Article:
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An Overview of Pineal Cysts: Benign Cystic Masses in the Brain

written by: Emma Lloyd • edited by: Leigh A. Zaykoski • updated: 6/26/2010

Pineal cysts are cystic masses that form in the brain. They are benign (non-cancerous), but they may cause seizures or the buildup of fluid around the brain. Learn more about these masses and what causes them.

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    Definition

    The pineal gland is a small gland in the brain which is part of the body’s endocrine system. In some people, small fluid-filled non-cancerous cysts can form in the gland. The reason why these cysts form is unknown, and the reason why some cysts grow and some do not is also a mystery.

    Usually a pineal cyst is asymptomatic, and most people who have a pineal cyst never know it is there. In fact, up to 4% of people who undergo an MRI brain scan, and up to 40% of people who are autopsied after death, have a pineal cyst, and in most cases the cyst causes no symptoms. In some cases, however, the cyst may grow large enough for symptoms to occur.

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    Pineal Cyst Signs and Symptoms

    Pineal cysts usually never grow larger than around one quarter of an inch in diameter. These types of small cysts don’t cause any symptoms, and when their existence is discovered it is usually a result of a routine neurological exam.

    Rarely, a pineal cyst may grow large enough to cause symptoms. Signs and symptoms of pineal cyst include headaches and vision abnormalities, which are caused because the growing cyst puts pressure on the brain. Larger cysts can potentially cause serious disorders, such as seizures and hydrocephalus, a condition in which the compression caused by the cyst causes cerebrospinal fluid to build up in the brain. This condition causes headaches, vomiting, and nausea, and can lead to visual disturbances and coma. Seizures and hydrocephaly caused by pineal cysts are both very rare.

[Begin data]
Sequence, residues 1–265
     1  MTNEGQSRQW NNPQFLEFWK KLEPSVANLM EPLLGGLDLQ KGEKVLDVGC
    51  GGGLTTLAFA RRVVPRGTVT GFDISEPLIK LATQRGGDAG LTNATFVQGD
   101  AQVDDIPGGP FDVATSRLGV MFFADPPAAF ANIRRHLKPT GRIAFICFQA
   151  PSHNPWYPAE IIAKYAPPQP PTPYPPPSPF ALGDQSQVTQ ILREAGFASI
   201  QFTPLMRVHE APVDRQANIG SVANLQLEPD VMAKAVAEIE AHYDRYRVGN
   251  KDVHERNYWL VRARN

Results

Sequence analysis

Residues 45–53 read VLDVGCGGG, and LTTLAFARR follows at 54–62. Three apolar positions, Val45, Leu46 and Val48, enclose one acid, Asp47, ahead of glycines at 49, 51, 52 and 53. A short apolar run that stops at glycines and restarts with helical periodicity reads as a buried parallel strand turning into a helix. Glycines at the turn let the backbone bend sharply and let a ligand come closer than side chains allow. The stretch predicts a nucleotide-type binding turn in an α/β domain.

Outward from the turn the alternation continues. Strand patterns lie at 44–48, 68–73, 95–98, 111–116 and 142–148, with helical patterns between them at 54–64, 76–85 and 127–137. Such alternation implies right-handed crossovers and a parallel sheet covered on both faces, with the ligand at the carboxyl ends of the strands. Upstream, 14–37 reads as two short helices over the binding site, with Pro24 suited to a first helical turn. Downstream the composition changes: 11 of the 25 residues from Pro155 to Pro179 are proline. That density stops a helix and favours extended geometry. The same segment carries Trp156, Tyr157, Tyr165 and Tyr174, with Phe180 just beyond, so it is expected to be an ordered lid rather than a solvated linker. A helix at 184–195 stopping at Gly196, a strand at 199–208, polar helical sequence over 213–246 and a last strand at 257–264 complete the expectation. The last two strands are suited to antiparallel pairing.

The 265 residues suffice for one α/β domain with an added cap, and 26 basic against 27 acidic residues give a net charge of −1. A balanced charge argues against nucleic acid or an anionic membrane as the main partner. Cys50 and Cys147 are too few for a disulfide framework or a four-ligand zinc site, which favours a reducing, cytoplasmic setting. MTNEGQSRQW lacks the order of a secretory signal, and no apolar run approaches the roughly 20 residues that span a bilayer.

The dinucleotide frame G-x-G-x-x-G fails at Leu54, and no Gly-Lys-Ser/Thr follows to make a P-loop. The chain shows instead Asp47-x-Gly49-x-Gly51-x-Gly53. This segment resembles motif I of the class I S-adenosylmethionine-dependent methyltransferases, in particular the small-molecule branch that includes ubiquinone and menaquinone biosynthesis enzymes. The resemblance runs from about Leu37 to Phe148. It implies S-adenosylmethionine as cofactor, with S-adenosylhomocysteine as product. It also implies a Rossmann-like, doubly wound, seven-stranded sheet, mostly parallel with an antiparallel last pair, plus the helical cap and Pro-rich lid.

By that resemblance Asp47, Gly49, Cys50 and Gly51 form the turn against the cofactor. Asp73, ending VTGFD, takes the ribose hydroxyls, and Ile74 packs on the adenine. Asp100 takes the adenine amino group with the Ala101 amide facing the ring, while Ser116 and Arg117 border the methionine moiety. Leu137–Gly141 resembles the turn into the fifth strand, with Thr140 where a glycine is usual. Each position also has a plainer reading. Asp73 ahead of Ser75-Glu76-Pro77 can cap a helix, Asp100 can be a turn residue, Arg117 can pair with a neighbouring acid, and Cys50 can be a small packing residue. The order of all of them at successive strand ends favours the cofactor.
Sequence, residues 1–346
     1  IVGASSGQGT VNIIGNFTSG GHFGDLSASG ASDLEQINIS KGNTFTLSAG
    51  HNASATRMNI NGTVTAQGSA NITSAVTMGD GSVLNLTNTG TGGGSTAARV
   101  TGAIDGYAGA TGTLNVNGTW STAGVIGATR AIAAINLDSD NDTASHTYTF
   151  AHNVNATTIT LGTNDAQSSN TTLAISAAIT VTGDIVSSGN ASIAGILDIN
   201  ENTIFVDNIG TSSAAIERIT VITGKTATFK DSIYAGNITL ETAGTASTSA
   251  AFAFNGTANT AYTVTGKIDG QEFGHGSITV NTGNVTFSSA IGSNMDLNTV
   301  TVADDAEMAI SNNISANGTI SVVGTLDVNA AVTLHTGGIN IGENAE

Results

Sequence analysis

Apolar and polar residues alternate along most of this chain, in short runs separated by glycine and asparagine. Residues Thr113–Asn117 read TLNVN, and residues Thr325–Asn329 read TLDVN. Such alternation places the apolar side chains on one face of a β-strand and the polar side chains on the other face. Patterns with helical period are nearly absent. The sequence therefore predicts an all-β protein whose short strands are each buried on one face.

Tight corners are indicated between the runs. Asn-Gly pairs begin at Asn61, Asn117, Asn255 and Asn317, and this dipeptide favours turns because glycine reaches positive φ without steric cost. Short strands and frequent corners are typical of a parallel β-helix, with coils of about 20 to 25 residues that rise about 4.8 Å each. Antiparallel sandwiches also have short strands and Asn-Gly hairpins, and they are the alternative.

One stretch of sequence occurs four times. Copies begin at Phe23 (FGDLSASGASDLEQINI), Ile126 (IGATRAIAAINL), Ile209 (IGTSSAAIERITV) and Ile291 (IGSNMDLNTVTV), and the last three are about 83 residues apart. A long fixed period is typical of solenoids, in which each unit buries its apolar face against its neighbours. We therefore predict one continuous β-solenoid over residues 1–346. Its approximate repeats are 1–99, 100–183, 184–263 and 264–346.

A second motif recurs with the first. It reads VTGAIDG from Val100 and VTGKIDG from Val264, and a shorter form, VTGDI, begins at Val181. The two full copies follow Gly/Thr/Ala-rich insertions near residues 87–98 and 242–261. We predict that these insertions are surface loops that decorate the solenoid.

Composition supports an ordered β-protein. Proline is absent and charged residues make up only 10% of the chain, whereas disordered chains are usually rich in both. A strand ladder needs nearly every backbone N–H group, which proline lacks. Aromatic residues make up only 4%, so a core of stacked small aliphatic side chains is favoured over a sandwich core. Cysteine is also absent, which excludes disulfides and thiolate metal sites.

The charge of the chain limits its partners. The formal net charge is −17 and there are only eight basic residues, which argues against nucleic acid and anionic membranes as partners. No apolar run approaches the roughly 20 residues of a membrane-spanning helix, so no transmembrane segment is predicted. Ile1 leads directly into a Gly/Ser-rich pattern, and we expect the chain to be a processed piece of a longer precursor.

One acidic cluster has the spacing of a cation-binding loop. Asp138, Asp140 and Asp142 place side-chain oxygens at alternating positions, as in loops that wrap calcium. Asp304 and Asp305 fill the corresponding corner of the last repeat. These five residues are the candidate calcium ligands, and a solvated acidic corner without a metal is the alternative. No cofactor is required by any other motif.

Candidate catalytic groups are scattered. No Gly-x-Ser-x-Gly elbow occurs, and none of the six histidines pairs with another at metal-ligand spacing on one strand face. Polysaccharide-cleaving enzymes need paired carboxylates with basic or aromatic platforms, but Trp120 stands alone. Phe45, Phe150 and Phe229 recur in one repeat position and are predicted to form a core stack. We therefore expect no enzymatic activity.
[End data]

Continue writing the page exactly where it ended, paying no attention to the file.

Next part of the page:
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    Treatment for Pineal Cysts

    Because most pineal cysts are asymptomatic, diagnosis is usually made when an individual undergoes a CT scan or MRI scan for an unrelated medical condition. Often no treatment is required at all, however if further scans show that the cyst is growing in size over time, or if an individual begins experiencing harmful symptoms as a result of the growth, pineal cyst treatment to remove it may be necessary.

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    Sources

    Ravinder Sidhu, Ajay Malhotra, and PL Westesson. Neuroradiology Case of the Week, Case 163.

    Rebecca T Leibowitz, Jonathan Levi Streeter, Juan E Small, Kimberley M Springer, Russell A Blinder and Steven E Seltzer. Pineal Cyst Case Presentation

    Pineal Cyst Information at WebMD

    Y. Pua, S. Mahankalia, J. Houa, J. Lia, J.L. Lancastera, J.-H. Gaoa, D.E. Appelbaumb and P.T. Fox. High Prevalence of Pineal Cysts in Healthy Adults Demonstrated by High-Resolution, Noncontrast Brain MR Imaging. American Journal of Neuroradiology 28:1706-1709, October 2007 © 2007 American Society of Neuroradiology.